‘Historic’ trade deal with India allows Australia to reduce economic dependence on China, government says



Bestinau got that-


Australia and India will sign an interim free trade agreement after more than a decade of lengthy and sometimes torturous negotiations, which will see the federal government win a foreign policy victory.

The coalition has hailed the agreement as an important step in its efforts to diversify export markets and reduce Australia’s economic dependence on China by creating new opportunities in a large and growing economy.

The early harvest agreement is much broader than originally stated and will be reported to the World Trade Organization indicating that it has the legal status of a full free trade agreement.

It will cut tariffs on a range of Australian exports to India, including coal, lentils, lobster and rare earths.

The government praises its success in removing Indian barriers to Australian mutton and wool, as well as a phased cut in tariffs on wine and a host of other agricultural products, including avocados, cherries, nuts, blueberries, almonds, oranges, mandarins, pears and strawberries .

Commerce Secretary Dan Tehan said the deal would strengthen ties with a critical partner and boost trade, declaring it a “historic” deal.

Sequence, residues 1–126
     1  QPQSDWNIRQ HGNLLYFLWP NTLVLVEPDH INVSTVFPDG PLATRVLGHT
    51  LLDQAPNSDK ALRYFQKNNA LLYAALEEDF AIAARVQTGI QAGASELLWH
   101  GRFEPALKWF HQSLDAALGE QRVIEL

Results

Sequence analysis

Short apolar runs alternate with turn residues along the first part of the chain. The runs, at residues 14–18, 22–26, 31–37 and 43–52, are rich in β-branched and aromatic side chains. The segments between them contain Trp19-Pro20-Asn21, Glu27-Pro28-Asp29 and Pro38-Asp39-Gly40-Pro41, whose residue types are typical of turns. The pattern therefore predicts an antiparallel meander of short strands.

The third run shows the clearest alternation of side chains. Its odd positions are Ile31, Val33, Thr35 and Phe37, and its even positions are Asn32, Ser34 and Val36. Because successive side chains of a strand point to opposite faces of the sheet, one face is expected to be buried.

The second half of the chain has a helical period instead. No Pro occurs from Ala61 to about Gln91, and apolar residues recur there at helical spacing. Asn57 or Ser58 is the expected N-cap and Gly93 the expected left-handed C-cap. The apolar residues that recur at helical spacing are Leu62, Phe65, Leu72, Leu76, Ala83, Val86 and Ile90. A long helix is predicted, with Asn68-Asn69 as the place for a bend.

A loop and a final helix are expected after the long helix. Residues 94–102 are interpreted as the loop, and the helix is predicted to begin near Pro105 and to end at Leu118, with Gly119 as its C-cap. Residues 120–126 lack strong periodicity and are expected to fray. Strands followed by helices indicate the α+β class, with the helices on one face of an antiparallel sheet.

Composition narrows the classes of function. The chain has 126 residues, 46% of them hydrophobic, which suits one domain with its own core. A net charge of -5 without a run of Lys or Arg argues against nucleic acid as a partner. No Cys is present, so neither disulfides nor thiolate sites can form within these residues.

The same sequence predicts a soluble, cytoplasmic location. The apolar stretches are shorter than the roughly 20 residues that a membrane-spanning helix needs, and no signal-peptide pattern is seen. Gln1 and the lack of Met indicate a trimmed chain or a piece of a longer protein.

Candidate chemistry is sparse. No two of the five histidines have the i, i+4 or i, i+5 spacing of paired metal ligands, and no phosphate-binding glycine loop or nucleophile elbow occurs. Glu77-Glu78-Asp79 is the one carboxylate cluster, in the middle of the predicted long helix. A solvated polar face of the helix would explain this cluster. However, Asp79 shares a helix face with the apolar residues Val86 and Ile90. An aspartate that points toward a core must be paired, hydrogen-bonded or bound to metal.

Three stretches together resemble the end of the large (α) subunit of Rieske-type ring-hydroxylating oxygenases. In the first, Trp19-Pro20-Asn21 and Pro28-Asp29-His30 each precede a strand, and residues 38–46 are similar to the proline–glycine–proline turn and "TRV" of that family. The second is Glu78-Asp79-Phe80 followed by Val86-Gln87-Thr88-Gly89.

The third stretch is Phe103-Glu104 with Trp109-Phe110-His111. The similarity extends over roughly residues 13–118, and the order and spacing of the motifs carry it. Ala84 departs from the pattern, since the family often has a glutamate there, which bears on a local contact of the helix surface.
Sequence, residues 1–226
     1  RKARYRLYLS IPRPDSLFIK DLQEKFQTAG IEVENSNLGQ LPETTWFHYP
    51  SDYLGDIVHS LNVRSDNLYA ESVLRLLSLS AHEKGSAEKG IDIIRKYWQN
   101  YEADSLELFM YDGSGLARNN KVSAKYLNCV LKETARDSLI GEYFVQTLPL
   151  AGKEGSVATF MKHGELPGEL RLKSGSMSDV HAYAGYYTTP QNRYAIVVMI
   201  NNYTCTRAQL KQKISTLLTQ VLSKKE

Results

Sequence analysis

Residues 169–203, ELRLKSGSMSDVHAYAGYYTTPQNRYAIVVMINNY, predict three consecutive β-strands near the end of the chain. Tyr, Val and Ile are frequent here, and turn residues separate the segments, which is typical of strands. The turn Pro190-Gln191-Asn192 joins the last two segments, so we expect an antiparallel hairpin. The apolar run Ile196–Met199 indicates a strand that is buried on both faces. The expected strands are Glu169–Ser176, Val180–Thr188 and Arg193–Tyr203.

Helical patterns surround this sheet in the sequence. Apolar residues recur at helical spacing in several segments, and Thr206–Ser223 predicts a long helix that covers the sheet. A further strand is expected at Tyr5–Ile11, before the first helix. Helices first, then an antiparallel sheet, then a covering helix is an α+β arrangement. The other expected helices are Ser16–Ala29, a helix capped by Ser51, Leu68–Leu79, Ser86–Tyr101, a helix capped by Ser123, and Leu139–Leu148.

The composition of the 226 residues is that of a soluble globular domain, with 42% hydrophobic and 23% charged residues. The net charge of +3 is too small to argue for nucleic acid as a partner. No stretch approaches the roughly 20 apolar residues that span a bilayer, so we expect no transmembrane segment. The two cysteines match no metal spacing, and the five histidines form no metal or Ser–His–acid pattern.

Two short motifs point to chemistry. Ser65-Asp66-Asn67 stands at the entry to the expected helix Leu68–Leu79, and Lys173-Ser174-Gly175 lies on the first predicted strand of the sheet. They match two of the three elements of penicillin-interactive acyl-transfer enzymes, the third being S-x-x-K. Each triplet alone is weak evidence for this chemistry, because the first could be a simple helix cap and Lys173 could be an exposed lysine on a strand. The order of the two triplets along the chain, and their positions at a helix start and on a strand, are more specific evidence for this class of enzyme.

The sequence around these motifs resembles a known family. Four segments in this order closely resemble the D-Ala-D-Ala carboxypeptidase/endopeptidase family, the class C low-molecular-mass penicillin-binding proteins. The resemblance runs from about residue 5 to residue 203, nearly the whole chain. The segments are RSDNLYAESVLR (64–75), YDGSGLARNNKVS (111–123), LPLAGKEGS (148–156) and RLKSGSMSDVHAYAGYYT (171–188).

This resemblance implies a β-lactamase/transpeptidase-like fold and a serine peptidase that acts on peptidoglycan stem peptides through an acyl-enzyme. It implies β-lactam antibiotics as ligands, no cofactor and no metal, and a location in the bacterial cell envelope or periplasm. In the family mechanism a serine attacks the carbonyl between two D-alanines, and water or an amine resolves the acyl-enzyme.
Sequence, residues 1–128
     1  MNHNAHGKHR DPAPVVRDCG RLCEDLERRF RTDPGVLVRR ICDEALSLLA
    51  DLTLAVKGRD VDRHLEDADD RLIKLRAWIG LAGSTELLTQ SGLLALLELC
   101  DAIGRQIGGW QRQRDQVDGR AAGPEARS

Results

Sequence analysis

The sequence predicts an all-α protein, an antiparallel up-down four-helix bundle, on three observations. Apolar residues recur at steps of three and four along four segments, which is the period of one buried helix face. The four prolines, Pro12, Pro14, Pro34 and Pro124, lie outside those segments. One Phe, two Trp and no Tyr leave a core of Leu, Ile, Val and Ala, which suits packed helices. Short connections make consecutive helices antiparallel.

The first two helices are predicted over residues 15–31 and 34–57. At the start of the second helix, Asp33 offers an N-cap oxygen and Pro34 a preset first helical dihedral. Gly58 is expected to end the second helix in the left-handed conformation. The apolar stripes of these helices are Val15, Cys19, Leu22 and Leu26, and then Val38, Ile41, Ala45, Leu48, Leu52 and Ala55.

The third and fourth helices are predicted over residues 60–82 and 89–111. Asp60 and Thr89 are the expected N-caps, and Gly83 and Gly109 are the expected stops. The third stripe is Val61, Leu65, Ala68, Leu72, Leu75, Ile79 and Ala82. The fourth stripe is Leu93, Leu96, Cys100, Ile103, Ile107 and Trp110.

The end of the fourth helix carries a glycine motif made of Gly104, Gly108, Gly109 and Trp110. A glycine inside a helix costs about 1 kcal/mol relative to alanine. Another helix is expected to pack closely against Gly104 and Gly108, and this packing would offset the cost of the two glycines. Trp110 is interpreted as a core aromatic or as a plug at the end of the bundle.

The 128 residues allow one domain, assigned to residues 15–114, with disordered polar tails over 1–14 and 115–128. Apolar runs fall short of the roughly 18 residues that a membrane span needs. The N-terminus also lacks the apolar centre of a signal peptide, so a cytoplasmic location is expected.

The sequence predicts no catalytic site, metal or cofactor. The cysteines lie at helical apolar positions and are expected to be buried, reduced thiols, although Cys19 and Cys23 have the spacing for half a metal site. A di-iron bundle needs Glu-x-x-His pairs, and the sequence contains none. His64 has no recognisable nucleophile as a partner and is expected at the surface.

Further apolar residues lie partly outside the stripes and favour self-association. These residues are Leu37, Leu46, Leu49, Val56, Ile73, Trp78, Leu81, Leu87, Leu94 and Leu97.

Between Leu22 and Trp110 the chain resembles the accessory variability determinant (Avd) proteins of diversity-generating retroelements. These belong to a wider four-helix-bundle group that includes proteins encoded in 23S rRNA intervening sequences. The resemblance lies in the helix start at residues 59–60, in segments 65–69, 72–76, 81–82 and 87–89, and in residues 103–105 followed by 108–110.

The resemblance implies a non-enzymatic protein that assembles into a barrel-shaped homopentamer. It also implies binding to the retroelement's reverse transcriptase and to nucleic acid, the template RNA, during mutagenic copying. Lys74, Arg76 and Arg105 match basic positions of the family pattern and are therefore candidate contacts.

“There’s an extensive resemblance here to the world’s fastest growing major economy.”

The government says the agreement is an important step in strengthening trade ties with a nation emerging as a major economic and strategic power.AAP: Mick Tsikas

Major exports excluded from deal

But while the deal is broader than expected, it still doesn’t offer the same depth of market access offered by Australia’s other free trade agreements.

That’s partly because India remains a more protectionist country than many of Australia’s other major trading partners.

Some Australian producers will see only limited or gradual gains, while other major Australian agricultural exports – including dairy, chickpeas and beef – have been completely excluded from the interim agreement due to domestic political opposition in India.

That is likely to disappoint producers from those sectors who have pushed for easier access to the Indian market, although Mr Tehan said the government would continue to push India to reduce these trade barriers in future negotiations.

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